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Selling a Flood Cleanup Business

A good business is about more than dollars and sense. To make your flood cleanup business what it is today, you've had to fully invest yourself in its success. But the hard work isn't done yet. Before you can make a graceful exit, you will have to invest yourself in your business sale.

You're optimistic about the economy and so are we. Now the challenge is to convert business buyers who may have a more skeptical outlook.

Too often flood cleanup business owners fail to receive fair market value for their businesses. That's unfortunate because all it takes to get a fair price in today's market is ample planning and an awareness of what's important to buyers.

The Best Person to Sell Your Flood Cleanup Business

An unassisted business sale is a double-edged sword. On the one hand, no one knows your business better than you do. When it comes to earnings potential, asset condition, and other considerations, you are the world's leading expert on your company. However, your close connection to your company can also be a drawback. You see your company's potential. But buyers don't pay for potential - they pay for current market value. At a minimum, conduct an independent appraisal of the flood cleanup business to gain an objective sense of fair market value.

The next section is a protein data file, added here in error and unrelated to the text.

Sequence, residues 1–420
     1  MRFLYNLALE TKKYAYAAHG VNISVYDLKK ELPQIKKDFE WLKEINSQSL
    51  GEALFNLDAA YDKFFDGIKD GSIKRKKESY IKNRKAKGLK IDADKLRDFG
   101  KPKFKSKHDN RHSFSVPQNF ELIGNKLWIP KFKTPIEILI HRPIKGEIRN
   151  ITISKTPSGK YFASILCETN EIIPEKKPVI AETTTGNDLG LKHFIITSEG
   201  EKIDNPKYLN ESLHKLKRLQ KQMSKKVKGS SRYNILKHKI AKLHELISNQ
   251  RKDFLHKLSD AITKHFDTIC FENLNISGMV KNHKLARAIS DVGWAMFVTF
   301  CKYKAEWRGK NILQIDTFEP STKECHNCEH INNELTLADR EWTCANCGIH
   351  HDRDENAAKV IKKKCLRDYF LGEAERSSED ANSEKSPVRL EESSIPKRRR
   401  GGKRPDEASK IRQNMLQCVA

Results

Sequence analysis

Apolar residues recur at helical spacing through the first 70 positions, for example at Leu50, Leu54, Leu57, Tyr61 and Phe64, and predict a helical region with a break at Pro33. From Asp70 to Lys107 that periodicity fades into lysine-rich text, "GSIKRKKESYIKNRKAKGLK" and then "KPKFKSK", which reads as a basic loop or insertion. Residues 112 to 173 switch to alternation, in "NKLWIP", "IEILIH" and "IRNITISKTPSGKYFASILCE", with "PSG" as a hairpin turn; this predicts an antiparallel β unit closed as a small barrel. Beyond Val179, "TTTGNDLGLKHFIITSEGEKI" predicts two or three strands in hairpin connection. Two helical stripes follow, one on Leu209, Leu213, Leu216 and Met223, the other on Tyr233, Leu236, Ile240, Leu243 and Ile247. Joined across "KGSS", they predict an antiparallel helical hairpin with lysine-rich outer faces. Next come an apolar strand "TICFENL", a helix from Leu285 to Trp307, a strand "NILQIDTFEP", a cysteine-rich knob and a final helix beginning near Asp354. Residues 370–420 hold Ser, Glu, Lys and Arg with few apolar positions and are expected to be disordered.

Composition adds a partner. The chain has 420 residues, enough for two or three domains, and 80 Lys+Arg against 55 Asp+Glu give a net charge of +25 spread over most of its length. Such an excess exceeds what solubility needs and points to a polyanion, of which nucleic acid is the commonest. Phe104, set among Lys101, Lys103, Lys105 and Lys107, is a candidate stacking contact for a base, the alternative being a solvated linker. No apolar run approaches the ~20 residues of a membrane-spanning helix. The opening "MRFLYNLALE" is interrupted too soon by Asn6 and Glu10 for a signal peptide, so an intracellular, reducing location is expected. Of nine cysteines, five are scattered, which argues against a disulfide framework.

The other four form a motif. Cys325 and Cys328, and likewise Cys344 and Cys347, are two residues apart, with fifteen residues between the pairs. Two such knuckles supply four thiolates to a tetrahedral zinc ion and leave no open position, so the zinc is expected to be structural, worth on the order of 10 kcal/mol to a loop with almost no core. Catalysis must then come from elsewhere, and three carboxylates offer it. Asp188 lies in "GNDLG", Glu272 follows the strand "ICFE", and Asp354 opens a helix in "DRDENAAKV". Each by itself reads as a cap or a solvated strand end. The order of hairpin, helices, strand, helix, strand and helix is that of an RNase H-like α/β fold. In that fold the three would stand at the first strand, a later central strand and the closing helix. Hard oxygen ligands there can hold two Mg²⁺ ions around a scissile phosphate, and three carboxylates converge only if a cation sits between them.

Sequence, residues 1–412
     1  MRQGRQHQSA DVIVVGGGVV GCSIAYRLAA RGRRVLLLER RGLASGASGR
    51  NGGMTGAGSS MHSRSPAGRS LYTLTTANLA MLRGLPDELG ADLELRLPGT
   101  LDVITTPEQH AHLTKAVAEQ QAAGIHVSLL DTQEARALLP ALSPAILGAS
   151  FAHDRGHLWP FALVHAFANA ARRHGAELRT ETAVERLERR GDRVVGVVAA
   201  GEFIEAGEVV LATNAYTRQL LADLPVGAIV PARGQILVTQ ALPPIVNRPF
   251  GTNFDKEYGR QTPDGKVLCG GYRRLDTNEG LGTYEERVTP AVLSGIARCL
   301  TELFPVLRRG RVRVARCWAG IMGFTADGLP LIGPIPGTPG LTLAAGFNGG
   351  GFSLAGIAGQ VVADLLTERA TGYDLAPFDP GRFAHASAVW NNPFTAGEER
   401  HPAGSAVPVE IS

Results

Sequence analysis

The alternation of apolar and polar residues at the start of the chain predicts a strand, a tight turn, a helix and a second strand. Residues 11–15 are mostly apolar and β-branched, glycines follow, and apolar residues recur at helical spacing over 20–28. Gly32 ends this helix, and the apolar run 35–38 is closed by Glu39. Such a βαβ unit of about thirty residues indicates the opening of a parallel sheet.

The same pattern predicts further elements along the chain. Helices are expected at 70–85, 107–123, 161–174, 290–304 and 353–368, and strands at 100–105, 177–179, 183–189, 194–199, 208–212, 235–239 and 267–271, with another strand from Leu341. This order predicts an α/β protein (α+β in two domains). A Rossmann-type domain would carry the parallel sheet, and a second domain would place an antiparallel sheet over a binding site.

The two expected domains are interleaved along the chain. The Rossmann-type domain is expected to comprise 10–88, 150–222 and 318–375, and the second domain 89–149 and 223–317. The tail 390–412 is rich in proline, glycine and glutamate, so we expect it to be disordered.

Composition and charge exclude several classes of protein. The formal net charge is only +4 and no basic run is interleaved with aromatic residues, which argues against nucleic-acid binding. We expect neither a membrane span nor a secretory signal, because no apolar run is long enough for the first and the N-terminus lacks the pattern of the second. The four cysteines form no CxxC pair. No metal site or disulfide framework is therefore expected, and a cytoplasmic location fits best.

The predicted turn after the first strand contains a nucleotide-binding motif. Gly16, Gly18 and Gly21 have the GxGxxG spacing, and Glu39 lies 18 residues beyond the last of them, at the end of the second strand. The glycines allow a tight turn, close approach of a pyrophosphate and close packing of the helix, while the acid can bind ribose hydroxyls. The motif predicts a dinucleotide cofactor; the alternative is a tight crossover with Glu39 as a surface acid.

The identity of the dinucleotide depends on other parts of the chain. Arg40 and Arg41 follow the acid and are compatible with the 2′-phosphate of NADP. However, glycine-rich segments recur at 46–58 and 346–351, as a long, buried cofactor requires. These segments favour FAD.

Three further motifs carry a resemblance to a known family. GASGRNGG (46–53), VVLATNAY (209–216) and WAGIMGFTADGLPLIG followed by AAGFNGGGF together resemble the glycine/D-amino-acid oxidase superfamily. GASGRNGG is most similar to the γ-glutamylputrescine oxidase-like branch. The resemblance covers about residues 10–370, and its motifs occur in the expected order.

Average Timeframes

From the day they decide to sell their company, the question that plagues many owners is how long it will take to sell their flood cleanup business. Unfortunately, there are no hard and fast rules about the length of time your business will be on the market. Pricing plays a role in sale length, but there are no guarantees that a fairly priced business will sell quickly. Before you can list your flood cleanup business, you'll need to invest as much as a year in preparing it for prospective buyers. Even though it's conceivable that an attractive opportunity could sell in weeks, an immediate flood of offers could indicate that the business is underpriced.

Seller Financing

Capital is hard to come by these days. Thanks to more stringent commercial lending requirements, sellers have become de facto lenders, providing the financing buyers need to get their feet in the door. Although 100% seller financing isn't recommended, sellers are financing up to 70% of the sale price to close deals.

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